This was it. I stood, sweaty and exhausted, as my band director walked over to the group of potential drum major candidates standing at the center of the field. Six of us had just endured a grueling tryout for the past hour and a half, but only one would be selected to be drum major for the 2009 marching band season. Having held the position the previous year, I felt I had a leg up, but the competition was stiff and I knew I couldn’t expect anything. Thirty seconds later I was told that I would not be retaining my position as drum major, and that someone else would take on the role for the upcoming year.
Like it or not, we will all fail in our lives. I failed in my quest to become drum major. I’ve failed tests, job interviews, auditions, and, as a teacher, I fail more times a day than I care to admit. But I’m also a firm believer that failure can and should be viewed as an opportunity rather than a road block. When we fail, we have the opportunity to pick ourselves up and learn how to move past it.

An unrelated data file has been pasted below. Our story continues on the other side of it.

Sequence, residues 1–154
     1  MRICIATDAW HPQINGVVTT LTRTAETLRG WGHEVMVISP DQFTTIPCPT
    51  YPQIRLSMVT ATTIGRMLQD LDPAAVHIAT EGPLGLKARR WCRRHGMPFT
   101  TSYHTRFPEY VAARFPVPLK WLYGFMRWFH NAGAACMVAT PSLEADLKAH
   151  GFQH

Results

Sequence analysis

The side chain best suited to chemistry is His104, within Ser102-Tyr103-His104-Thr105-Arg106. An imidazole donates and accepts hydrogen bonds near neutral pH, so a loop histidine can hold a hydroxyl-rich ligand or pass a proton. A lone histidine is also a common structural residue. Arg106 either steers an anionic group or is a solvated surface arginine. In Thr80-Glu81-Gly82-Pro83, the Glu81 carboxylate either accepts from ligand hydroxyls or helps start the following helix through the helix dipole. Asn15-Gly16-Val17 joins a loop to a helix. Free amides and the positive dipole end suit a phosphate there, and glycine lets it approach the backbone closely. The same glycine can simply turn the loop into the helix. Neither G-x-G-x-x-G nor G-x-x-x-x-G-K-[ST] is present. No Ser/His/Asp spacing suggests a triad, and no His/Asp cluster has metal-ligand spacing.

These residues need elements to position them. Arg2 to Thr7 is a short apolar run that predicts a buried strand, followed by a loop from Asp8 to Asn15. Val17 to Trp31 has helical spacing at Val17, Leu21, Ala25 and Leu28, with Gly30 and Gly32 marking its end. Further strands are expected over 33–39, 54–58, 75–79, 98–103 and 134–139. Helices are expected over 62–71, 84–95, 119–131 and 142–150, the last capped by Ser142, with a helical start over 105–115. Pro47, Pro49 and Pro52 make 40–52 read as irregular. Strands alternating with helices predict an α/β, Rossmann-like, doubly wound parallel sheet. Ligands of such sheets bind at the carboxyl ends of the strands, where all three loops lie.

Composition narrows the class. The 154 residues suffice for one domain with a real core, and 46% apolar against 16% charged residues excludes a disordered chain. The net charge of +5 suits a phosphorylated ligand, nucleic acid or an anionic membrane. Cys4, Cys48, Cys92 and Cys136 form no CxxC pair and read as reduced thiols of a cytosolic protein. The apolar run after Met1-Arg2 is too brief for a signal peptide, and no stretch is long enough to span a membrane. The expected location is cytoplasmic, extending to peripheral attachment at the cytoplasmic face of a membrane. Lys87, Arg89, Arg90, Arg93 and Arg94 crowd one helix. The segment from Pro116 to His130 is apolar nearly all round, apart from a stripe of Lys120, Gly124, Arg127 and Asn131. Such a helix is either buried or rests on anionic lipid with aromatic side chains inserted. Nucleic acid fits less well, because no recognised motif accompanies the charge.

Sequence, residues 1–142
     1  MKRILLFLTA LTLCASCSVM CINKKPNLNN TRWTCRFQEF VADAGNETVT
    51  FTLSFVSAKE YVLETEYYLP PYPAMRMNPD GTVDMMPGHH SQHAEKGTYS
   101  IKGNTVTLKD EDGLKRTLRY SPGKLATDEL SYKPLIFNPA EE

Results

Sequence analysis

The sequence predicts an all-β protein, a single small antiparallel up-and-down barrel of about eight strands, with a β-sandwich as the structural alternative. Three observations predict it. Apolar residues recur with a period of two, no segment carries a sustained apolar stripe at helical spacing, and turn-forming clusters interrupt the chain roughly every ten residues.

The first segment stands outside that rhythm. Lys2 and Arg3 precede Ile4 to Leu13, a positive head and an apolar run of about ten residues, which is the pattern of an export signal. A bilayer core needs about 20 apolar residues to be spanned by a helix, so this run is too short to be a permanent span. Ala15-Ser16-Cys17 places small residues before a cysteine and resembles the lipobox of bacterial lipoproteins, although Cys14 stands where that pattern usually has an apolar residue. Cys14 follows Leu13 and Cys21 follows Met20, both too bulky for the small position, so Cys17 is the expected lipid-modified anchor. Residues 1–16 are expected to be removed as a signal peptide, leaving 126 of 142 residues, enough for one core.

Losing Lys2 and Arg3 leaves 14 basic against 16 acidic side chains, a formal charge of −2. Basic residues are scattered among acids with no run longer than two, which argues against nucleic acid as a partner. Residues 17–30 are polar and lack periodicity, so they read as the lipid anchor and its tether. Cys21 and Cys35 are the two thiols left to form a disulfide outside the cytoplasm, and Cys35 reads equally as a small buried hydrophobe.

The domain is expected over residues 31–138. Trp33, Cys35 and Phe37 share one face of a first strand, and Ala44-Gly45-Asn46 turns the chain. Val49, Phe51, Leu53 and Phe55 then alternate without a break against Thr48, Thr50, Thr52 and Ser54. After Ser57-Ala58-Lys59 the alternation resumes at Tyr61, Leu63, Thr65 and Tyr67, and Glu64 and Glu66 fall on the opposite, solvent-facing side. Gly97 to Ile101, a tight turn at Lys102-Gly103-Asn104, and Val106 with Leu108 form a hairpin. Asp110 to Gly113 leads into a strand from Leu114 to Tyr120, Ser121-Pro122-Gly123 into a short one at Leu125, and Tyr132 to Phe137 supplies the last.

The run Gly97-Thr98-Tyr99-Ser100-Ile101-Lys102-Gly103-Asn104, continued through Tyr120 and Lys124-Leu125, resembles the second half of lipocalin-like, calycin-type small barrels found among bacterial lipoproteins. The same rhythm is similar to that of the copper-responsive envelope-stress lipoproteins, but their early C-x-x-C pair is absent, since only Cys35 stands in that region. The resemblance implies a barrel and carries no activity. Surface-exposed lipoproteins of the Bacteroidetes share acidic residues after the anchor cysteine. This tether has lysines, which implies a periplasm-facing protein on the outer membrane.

Given my belief in the power of failure, however, I’m often disturbed by the current trend that refuses to allow students to fail and thereby deprives them of the important opportunity to learn how to fail successfully while they are still young. The pressure to refuse to allow students to fail comes from all sides—from school districts, administrators, parents, and even students themselves. Districts set artificial grade floors so that students cannot fall below a certain point. Parents turn on teachers if their child receives a low grade on the report card. Under fire from the districts, administrators pressure teachers to give extra credit and makeup work or, at worst, to change grades themselves. There’s even a movement now to opt out of testing across the country, and a part of their rational is because too many students will fail. And through all this we send our kids the last message we should be sending them: that you can’t and shouldn’t fail.